There is extensive analysis of the prime minister's election prospects now that he has failed to take the UK out of the EU by Halloween.
"Boris Johnson may not be dead in a ditch", writes Polly Toynbee in the Guardian, but "he's a host of accidents waiting to happen" on the campaign trail "and so are many of his cabinet zealots".
The Financial Times thinks it is a huge gamble for Mr Johnson to risk Brexit and his premiership on a "highly uncertain election, having failed to meet his main promise and before his legislation has actually been defeated".
The Daily Mail agrees - warning Downing Street there is no guarantee "voters will accept the argument that the failure to come up with the goods should be pinned on a fractious, Remainer-dominated Parliament".
The Sun accepts that an election comes with "considerable risk" for the prime minister, but argues that should be put to one side. "This is simply the worst, most toxic, most inept, most juvenile Parliament of anyone's lifetime", the paper declares in its editorial. "It has to be replaced."
The Daily Express strikes a similar tone, describing the continuing stand-off in the Commons as "insufferable".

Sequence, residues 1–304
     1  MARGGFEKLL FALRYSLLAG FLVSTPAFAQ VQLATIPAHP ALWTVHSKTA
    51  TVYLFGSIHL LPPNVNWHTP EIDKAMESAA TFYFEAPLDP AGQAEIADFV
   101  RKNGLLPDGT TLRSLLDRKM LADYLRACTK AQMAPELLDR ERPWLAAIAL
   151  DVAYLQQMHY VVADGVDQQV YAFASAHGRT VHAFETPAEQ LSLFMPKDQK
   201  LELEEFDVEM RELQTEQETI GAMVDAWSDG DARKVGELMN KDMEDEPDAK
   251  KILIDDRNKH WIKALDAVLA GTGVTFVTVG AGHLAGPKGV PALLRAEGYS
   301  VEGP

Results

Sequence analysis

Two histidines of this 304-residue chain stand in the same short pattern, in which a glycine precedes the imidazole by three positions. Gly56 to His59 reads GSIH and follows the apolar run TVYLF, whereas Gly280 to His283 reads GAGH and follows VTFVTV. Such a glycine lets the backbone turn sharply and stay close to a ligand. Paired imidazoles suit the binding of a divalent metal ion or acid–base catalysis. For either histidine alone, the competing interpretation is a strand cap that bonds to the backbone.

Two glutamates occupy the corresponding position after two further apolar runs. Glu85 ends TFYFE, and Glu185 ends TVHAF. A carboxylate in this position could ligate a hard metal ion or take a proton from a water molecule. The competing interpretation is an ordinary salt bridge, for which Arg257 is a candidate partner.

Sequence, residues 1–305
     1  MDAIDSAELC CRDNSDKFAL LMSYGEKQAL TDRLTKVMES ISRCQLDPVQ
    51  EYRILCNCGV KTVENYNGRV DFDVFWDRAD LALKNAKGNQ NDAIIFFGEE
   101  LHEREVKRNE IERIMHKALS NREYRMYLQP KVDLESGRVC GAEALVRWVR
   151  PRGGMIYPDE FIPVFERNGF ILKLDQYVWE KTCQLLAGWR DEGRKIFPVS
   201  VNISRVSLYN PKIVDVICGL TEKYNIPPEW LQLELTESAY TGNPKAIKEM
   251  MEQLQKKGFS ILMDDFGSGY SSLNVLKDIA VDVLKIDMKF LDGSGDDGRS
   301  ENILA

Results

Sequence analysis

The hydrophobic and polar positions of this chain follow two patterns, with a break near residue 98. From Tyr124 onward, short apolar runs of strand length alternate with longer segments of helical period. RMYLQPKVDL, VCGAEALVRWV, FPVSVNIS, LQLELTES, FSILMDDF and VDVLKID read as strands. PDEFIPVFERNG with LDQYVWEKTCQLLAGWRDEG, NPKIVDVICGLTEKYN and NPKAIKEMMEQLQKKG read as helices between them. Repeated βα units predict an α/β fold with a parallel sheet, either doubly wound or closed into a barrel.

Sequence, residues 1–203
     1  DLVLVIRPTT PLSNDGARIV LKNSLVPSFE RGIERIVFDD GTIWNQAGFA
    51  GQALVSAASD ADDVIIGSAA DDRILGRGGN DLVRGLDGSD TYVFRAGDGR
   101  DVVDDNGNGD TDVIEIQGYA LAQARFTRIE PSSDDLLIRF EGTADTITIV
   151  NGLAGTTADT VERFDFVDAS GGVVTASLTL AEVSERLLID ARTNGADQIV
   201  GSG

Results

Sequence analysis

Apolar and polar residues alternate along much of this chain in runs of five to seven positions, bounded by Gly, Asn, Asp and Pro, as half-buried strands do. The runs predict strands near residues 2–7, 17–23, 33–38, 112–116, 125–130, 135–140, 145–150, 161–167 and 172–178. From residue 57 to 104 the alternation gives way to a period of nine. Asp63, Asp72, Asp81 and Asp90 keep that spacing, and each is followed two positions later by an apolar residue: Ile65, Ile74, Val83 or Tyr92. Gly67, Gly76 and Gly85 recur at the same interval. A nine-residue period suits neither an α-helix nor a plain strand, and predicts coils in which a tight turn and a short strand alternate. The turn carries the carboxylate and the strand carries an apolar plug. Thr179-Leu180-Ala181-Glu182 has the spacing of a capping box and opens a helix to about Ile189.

Meanwhile the Daily Telegraph accuses the Labour leader of "spluttering out a jumble of increasingly forlorn excuses" for not having an election. "The funny thing is Jeremy Corbyn probably does want one", writes Michael Deacon - "unfortunately, however, his MPs don't."
Another casualty of the Brexit delay is the commemorative coin minted to coincide with 31 October. Bloomberg reports that the order has already been given for thousands of 50p pieces to be melted down. A Treasury spokesman tells the website that new coins will be produced to mark Brexit - whenever it takes place.
The Times says a management consultant is being paid almost £2,000 a day to find ways to cut costs at an NHS health board in north Wales.
A Freedom of Information request also revealed that Philip Burns has been given permission to work one day a week from his home on the Costa del Sol.
The paper points out that while Mr Burns earns more than the Welsh government's own health minister, one of the money-saving measures under consideration is to stop paying nurses for breaks during their 12-and-a-half hour shifts.
In a statement, the Betsi Cadwaladr board says Mr Burns receives the "market rate" for his services, and does not get any travel or accommodation expenses.
Finally, the i reviews what it describes as a "festive fail" - in the form of a mince pie sandwich created by the supermarket chain, Morrisons.
The paper says it is effectively a "jazzed-up cheese and pickle roll" with a spiced chutney-cum-mince pie spread underneath two slices of hard cheddar.
"The flavour is relatively inoffensive at first", writes Josh Barrie, "then all of a sudden, it's like biting into one of those unsold cinnamon candles found in the bargain bin at department stores in January."